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Cellular and Molecular Life Sciences

, Volume 68, Issue 9, pp 1623–1631 | Cite as

The crystalline phase of cellulose changes under developmental control in a marine chordate

  • Keisuke NakashimaEmail author
  • Atsuo Nishino
  • Yoshiki Horikawa
  • Euichi Hirose
  • Junji Sugiyama
  • Nori Satoh
Research Article

Abstract

The native form of cellulose is a fibrillar composite of two crystalline phases, the triclinic Iα and monoclinic Iβ allomorphs. Allomorph ratios are species-specific, and this gives rise to natural structural variations in cellulose crystals. However, the mechanisms contributing to crystal formation remain unknown. We show that the two crystalline phases of cellulose are tailored to distinct structures during different developmental stages of the tunicate chordate Oikopleura dioica. Larval cellulose consisting of Iα allomorph constitutes the body cuticle fin, whereas adult cellulose consisting of Iβ allomorph frames a mucous filter-feeding device, the “house.” Both structures are secreted from the epidermis in accordance with the mutually exclusive expression patterns of two distinct putative cellulose synthase genes. We discuss a possible linkage between structural variations of the crystalline phases of cellulose and the underlying evolutionary genetics of cellulose biosynthesis.

Keywords

Cellulose Allomorph Tunicate Appendicularian Oikopleura dioica 

Notes

Acknowledgments

We thank Dr. Tomoya Imai for valuable discussion, Dr. Yutaka Satou for the qPCR facility, Prof. Hiroyuki Yano for the FE-SEM facility, Dr. Fuki Gyoja for sampling Molgula tectiformis, and staff members of the Misaki Marine Biological Station, University of Tokyo, and Seto Marine Biological Station, Kyoto University, for sampling Oikopleura longicauda and Oikopleura dioica, respectively. The nucleotide sequences for the reported genes have been deposited with the GenBank under accession codes AB543594 (Od-CesA1) and AB543593 (Od-CesA2). K.N. designed research, performed experiments, and wrote the manuscript. A.N. performed collection, culture, and preparation of appendicularians. Y.H. and J.S. performed electron diffraction and FTIR microscopy. E.H. performed transmission electron microscopy. N.S. supervised reseach. All authors discussed the results and commented on the manuscript. The authors declare no competing financial interests. This work was supported by Grants-in-Aid for Young Scientists to K.N. (no. 18770046 and 21780166) and Grant-in-Aid to N.S. (no. 17018018) from the Ministry of Education, Culture, Sports, Science and Technology (MEXT) of Japan. This work was also partly supported by Intellectual Cluster Formation of Okinawa Prefecture, Japan.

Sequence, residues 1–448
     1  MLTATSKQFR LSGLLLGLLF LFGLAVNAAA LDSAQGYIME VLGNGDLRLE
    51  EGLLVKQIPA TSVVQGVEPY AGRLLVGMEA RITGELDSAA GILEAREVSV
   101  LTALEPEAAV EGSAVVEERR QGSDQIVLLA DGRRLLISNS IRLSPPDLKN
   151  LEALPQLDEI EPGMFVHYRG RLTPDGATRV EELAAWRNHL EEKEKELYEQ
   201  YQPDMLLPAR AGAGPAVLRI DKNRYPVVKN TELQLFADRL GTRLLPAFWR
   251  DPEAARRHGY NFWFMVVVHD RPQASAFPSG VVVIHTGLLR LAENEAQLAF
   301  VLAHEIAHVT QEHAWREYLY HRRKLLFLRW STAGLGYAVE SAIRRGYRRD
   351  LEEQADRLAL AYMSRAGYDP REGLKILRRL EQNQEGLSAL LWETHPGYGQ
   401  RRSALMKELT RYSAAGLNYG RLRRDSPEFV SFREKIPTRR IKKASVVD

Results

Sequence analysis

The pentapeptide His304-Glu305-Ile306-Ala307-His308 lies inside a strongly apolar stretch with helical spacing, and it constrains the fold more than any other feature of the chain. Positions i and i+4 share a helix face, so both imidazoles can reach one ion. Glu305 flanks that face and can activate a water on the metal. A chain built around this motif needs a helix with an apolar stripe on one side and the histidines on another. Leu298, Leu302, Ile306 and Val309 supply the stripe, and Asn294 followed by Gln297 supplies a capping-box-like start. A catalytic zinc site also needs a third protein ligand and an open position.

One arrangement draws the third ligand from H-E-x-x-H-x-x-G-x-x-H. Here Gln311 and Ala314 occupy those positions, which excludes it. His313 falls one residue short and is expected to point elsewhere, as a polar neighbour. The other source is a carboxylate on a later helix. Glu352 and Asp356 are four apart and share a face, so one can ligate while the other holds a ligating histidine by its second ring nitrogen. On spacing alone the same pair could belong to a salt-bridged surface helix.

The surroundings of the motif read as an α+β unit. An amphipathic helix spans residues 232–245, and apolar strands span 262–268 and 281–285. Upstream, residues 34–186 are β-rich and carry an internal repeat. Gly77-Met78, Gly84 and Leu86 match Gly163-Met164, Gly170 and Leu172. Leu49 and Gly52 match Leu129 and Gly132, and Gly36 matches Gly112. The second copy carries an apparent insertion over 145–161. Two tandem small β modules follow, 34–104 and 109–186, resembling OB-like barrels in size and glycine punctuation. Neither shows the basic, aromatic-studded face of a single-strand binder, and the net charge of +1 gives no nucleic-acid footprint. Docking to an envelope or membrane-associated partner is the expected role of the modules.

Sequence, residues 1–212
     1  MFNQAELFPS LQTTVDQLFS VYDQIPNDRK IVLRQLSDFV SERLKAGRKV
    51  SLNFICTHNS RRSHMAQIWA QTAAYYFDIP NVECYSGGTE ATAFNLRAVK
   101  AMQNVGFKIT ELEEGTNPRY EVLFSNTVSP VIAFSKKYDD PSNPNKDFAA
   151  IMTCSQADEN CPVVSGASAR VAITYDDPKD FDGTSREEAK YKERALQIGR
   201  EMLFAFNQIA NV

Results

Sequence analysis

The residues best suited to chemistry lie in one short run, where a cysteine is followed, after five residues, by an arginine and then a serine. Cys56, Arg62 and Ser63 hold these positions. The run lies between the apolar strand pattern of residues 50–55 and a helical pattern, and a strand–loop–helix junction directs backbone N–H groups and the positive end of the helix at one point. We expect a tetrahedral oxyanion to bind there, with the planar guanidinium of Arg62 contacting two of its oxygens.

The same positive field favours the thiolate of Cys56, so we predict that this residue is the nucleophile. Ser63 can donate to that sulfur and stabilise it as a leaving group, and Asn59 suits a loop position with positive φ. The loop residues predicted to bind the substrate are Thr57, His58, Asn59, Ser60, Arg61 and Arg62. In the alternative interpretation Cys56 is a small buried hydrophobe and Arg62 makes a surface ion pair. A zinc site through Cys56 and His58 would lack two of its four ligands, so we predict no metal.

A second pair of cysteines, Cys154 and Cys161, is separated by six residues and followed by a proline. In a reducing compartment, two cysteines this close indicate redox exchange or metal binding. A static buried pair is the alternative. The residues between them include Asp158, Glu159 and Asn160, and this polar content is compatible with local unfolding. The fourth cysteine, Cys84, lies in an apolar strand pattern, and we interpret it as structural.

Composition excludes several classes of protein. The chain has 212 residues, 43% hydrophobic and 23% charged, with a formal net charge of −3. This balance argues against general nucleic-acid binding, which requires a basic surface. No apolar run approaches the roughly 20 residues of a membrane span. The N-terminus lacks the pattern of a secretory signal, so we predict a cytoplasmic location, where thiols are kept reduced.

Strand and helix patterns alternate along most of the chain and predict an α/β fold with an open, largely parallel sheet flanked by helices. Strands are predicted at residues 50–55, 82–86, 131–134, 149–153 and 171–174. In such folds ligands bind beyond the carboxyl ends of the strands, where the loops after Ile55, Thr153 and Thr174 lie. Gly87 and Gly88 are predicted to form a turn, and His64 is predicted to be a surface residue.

Supplementary material

18_2010_556_MOESM1_ESM.doc (30 kb)
Supplementary material 1 (DOC 29 kb)
18_2010_556_MOESM2_ESM.pdf (221 kb)
Supplementary material 2 (PDF 221 kb)
18_2010_556_MOESM3_ESM.pdf (441 kb)
Supplementary material 3 (PDF 440 kb)

Supplementary material 4 (MP4 5947 kb)

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Copyright information

© Springer Basel AG 2010

Authors and Affiliations

  • Keisuke Nakashima
    • 1
    • 2
    Email author
  • Atsuo Nishino
    • 3
  • Yoshiki Horikawa
    • 4
  • Euichi Hirose
    • 5
  • Junji Sugiyama
    • 4
  • Nori Satoh
    • 1
  1. 1.Marine Genomics UnitOkinawa Institute of Science and Technology Promotion CorporationOkinawaJapan
  2. 2.Department of Zoology, Graduate School of ScienceKyoto UniversityKyotoJapan
  3. 3.Department of Biological Sciences, Graduate School of ScienceOsaka UniversityToyonakaJapan
  4. 4.Research Institute for Sustainable HumanosphereKyoto UniversityUjiJapan
  5. 5.Department of Chemistry, Biology and Marine Science, Faculty of ScienceUniversity of the RyukyusOkinawaJapan

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